The giants’ home is in the boot-heel of Missouri. They cast forty-acre shadows over the flat, flat earth where their family lives. It’s not Kansas flat; because Kansas climbs toward the Rockies and your eye is drawn up, up, up as you head west. It’s southeast Mis-sur-ah flat—the flat of white dotted cotton fields and mosquito infested rice fields. The kind of flat that offers no shelter from the Mississippi river when the rain comes, and her banks rise, and families wait to see just how high the muddy sludge will climb up the baseboards in their living room. Because it is flat, the giants made good time as they roamed the country roads looking for work. The giants had been born to work, and to help, and to pull a smile from you when you felt there was nothing to smile about. The giants were born to live lives of adventure that made even their forty-acre shadows seem insignificant. The giants’ magic was in their stories.
Three of the giants were brothers and it was the tail ends of their lives that crossed over mine. Tom was the best at pulling smiles, George bought extra hamburgers to feed the stray dogs, Hubert read Hemingway and drove the twelve-mule team. I was a girl when I knew them; they were hard-of-hearing with gray hair and gnarled hands. But they still pulled out my smile as they showed me hard work comes slowly, day after day after day. They taught me to never speak ill of family and that laughter over card games was enough to find happiness. They showed generosity in unexpected places, leaving their oversized coats on the shoulders of foot-weary travellers ill-equipped for the elements.
My child-eyes only saw glints of their magic; shadows in corners that disappeared when I turned to see what was there. When the three were together the magic was too strong, and even my untrained eye could see the tales dropped through the fabric of time. Delivered with nonchalance, they painted stories of alternate times and realities. I think they could no longer see how very special each story was. They had grown accustomed to the sparkle of magic over their shoulders and, like a long-inked tattoo they could no longer see it when they looked in the mirror. None of them ever seemed to realize how truly remarkable they were, but there is another who did—the last giant.
The last giant is younger than the three, a nephew who grew in their shadows. He works hard, because it is what his uncles taught him. The last giant sings all of the giants’ stories, because he is the only one left to tell their tales. The last giant is lonely, because he is the last of his kind.
It is the last giant whose magic found me, these twenty-five years later. He cast his voice through the air, sending stories to pull upon my soul. I heard his call, and sought him out. Finding him beneath the water tower he drinks from in the far southeast corner of Mis-sur-ah. He welcomed me with a hug, but was careful not to crush me. Sitting together, we looked over the flat, flat land and I waited. No longer a child, I now knew what to look for. I had learned patience, and I waited for the magic to come in its own time.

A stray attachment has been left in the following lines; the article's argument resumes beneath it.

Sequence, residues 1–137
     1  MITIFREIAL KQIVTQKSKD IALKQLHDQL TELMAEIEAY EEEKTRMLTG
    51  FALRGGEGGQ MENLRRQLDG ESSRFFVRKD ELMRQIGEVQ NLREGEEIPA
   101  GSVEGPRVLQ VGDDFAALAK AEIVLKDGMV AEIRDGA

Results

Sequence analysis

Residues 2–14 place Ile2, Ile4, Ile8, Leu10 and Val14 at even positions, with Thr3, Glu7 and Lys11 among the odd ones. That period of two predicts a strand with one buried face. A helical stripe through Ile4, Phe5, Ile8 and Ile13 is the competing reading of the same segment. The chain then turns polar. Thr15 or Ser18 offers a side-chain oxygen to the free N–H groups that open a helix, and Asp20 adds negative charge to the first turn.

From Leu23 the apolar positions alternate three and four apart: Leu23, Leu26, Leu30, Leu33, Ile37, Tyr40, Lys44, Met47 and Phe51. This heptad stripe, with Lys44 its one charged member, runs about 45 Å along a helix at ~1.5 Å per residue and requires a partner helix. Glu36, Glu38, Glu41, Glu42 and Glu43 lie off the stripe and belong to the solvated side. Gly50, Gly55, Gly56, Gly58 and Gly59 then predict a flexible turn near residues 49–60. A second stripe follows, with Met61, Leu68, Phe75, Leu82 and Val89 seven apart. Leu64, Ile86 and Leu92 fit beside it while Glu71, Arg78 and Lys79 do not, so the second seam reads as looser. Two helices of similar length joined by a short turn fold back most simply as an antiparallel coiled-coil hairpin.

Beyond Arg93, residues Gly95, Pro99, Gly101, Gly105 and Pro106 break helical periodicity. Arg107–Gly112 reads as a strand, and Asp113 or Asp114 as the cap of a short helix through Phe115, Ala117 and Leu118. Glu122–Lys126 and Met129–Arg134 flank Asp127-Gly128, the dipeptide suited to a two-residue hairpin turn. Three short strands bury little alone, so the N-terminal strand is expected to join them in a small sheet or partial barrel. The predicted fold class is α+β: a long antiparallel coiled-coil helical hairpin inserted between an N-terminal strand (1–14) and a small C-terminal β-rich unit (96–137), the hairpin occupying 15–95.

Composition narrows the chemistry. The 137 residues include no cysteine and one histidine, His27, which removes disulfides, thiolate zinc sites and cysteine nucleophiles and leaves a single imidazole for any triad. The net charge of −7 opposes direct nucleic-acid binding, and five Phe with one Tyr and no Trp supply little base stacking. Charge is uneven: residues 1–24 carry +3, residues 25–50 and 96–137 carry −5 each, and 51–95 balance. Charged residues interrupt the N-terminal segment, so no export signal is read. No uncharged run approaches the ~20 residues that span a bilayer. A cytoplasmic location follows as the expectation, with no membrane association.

It started in the winds that blew through the flat, flat land. Winds that carried the sounds of footsteps on gravel roads and the methodic thump of a shovel clearing the fields. Winds that carried the smells of sun-ripened watermelon and mules in the barn. Winds that carried the heat of summer even though we were at the edge of spring. Words flowed from his mouth in deep baritone waves, the magic falling onto the fields and seeping into the irrigation ditches. The air grew heavy in anticipation of what once was, and the giants that had been. The stories invoked each of the uncles one by one by one. The laughter and familiarity and the lives lived so big and full in a way that can never happen again. He spoke for hours and with each chapter faint outlines brought on the edge of the wind grew clear, until they stood before us, opaque and real.
Each of the three sprung from the clouds, not as the ancient giants I had known, but as young giants, full of life and adventure, humor and grief. George so handsome, Tom so charming, and Hubert so full of vitality. They scaled over railroads, and brought in full harvests. They flirted and danced, and threw a punch when needed. And there, at their knee, was the fourth giant, looking up to the men he would become. For one glorious afternoon the stories spun together, a magic quilt suspended in the air, enveloping me in the stories I needed to know.
The sun crept over the horizon and the fabric of the quilt began to fray. The giants faded, one by one by one, into the blackening night sky. I looked to the last giant, and saw the sadness slide over his shoulders and into his heart, as his uncles were taken from him once again. He looked to me with tears in his blue eyes, but behind his sadness was hope. When he broke our silence, his words washed over me. “They lived the stories, and I learned to weave them with my voice many years ago. You heard my call, because you are one of us. The final in our line, chosen to carry the history forward.” And with his declaration his magic spilled inside of me, and finally I understood.
I am descended from giants.
First published in the Bacopa Literary Review-Writers Alliance of Gainesville 2016